Practice English Speaking&Listening with: How to Install Tire Chains : Installing Tensioners for Tire Chains

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Okay, after you've got the chains installed. The next step is to install the tensioner.

Most chains come with a little, it's a large rubber ring and you usually have five or six

metal hooks crimped around it. I've modified this and added some plastic. This particular

one is for, off a set of chains I ran for multiple years and I bought a high quality

set of cable chains. I found myself going through two or three of these tensioners each

year. By crimping the metal around the rubber ring itself, I found that's what's causing

the tensioners to deteriorate and the fact that extreme cold conditions and the amount

of use that I got out of them. I just added these plastic wire ties on there and that

greatly increased the life of the rubber ring. It also holds the metal clip on there real

good and secure. It just makes for a better product. It lasts for two or three years instead

of two or three times each season. What you want to do is you want to apply this tensioner

so it basically pulls up all the loose slack all the way around the chain. You want to

do this evenly. I've got one, two, three, four, five, six empty spaces in between the

master links which connect the actual cables that go over and give you the traction to

the outer cables that support and hold it to the wheel. I've got one of those, one little

hook, that goes in between each one of the links. Then, the little yellow plastic device

you see on there is to assist in keeping the actual connector from coming off the cables

while they're in use. Just go around connect one in between each one of the masters and

as you go around, it'll kind of center itself and we can relocate it here in just a second.

Once you've got it centered, you see how it pulls all the slack out of the cable itself.

You want to check both sides of the tire, make sure it's good and tight back here. See

how it's a little bit out, off on alignment? Just slide that around, make sure the cable

chain will fit snuggly and securely all the way around the tire and the rim so it's all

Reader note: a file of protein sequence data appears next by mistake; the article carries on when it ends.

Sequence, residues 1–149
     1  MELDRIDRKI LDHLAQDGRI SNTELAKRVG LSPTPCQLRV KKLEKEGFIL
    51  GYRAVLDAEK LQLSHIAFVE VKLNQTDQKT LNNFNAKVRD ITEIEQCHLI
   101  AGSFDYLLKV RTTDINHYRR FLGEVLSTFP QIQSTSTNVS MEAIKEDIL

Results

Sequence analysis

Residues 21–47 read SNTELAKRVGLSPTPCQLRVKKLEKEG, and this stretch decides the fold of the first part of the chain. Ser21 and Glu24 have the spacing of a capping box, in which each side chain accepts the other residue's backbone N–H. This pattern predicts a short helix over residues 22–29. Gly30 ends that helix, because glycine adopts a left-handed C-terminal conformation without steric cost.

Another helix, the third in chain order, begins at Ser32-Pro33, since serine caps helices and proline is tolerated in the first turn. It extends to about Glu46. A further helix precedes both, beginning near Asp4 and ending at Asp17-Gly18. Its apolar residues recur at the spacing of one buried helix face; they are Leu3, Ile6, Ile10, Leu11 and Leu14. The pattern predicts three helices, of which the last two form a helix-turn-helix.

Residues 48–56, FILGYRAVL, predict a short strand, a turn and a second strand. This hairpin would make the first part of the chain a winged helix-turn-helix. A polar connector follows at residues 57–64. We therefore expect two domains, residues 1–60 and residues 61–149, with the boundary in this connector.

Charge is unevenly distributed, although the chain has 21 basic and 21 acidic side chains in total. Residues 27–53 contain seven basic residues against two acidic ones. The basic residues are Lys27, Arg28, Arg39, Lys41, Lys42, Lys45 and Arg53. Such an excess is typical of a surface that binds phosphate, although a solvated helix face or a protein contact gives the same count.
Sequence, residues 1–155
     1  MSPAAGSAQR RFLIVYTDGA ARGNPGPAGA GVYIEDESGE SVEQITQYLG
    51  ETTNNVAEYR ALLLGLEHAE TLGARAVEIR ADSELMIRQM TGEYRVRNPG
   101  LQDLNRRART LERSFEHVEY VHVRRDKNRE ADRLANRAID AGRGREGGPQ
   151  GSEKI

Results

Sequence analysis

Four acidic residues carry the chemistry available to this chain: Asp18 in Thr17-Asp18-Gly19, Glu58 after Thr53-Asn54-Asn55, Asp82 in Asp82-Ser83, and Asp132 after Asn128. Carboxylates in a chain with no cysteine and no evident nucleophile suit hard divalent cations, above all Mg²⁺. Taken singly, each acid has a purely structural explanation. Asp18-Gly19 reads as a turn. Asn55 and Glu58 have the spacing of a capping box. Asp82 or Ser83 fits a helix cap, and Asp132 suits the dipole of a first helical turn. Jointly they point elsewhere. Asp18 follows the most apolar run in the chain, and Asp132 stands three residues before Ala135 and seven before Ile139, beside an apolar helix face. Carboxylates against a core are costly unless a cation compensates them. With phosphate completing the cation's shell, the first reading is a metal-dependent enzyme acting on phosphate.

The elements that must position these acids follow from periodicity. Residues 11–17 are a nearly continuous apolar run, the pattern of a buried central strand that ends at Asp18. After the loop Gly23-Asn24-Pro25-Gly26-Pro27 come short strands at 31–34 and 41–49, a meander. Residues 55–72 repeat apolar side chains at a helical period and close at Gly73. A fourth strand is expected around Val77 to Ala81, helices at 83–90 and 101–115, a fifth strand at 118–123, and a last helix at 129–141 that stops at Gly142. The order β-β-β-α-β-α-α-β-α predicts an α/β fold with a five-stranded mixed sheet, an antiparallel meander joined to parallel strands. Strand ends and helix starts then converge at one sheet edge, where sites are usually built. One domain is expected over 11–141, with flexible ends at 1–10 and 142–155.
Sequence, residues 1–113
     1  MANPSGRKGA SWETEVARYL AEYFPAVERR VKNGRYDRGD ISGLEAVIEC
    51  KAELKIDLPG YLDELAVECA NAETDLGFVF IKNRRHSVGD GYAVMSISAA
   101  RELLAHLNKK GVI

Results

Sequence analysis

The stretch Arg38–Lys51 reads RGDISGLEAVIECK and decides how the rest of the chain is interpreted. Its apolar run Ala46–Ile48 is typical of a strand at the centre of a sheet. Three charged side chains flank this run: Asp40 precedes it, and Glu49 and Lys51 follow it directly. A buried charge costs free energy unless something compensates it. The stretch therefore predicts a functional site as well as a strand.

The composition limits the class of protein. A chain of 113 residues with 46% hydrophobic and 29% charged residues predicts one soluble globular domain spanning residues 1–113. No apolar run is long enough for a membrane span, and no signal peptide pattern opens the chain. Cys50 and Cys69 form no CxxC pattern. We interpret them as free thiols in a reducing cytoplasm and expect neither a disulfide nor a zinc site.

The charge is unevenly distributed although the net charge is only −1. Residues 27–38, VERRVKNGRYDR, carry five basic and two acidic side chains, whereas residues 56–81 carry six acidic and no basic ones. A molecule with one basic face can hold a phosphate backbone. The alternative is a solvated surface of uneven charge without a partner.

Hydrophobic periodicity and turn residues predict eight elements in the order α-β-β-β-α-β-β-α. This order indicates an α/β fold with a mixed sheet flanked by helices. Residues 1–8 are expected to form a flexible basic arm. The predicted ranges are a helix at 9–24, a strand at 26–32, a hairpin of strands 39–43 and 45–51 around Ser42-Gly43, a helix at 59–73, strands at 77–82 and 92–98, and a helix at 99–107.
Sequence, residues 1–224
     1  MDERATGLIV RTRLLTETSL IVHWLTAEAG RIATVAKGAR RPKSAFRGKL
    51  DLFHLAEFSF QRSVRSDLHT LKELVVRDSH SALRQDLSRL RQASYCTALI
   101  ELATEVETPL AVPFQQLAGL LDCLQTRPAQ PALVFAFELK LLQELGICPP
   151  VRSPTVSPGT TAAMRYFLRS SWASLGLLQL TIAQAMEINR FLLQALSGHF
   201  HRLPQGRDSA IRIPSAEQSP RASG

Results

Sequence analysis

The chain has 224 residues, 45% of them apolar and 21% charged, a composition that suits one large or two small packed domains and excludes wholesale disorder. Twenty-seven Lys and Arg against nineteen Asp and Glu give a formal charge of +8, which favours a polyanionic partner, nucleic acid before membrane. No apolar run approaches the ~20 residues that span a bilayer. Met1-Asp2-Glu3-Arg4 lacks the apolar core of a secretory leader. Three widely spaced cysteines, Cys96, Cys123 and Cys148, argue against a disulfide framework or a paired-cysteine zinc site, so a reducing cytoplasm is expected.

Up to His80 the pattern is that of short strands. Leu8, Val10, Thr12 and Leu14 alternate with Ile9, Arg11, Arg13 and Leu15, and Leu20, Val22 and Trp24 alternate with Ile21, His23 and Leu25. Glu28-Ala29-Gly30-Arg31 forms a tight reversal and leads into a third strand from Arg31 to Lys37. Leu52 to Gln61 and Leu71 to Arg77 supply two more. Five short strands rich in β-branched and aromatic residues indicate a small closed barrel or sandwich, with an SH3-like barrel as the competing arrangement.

centered correctly. You can see my alignments just a little bit off on this one, but it's

just a pre-fit. I'm looking to see that cable chain will actually fit over the tire, mount

correctly; all the tension being pulled out and snug and everything prior to installing

them. Now if this is a set of chains that I wanted to keep for this vehicle and was

going to use for multiple years, I would go ahead, trim off any excess. Cut the cable

back at this point here, because that's just a loose item that can flop around. Especially

under the centrifugal force of speeds the wheels will be traveling at. The same situation

on the back. This particular set of cable chains that I explained was designed specifically

for a specific size of tire. Most of them have the adjustments. Any links that you have

laying out there extra, they're really not needed. You could cut them off or you could

also equip it with some extra wire ties or plastic tape so you can tape those up once

you put them on. Otherwise, they'll flop around and they're free to damage the inside of your

wheel wells. They can be quite annoying for noise and it's just something you want to

avoid. Basically, that's what we're looking for in the pre-fitting of the chain itself.

We want to make sure it fits and fits as tight and snuggly as possible. We can make any adjustments

at this time and if you had adjustments like on the inside. Four or five adjustments and

four or five different ones on the outside. The one that you want to use, you could mark

with tape. That way, you know exactly to go to this one right here, it's got tape wrapped

around it, that's the connection I need to make, to make sure the chains installed correctly.

This comes in real handy when you're out on the road on the side, putting chains on in

inclement weather. Please watch our next segment, we'll cover pre-fitting, the quick fit, diamond

style chains.

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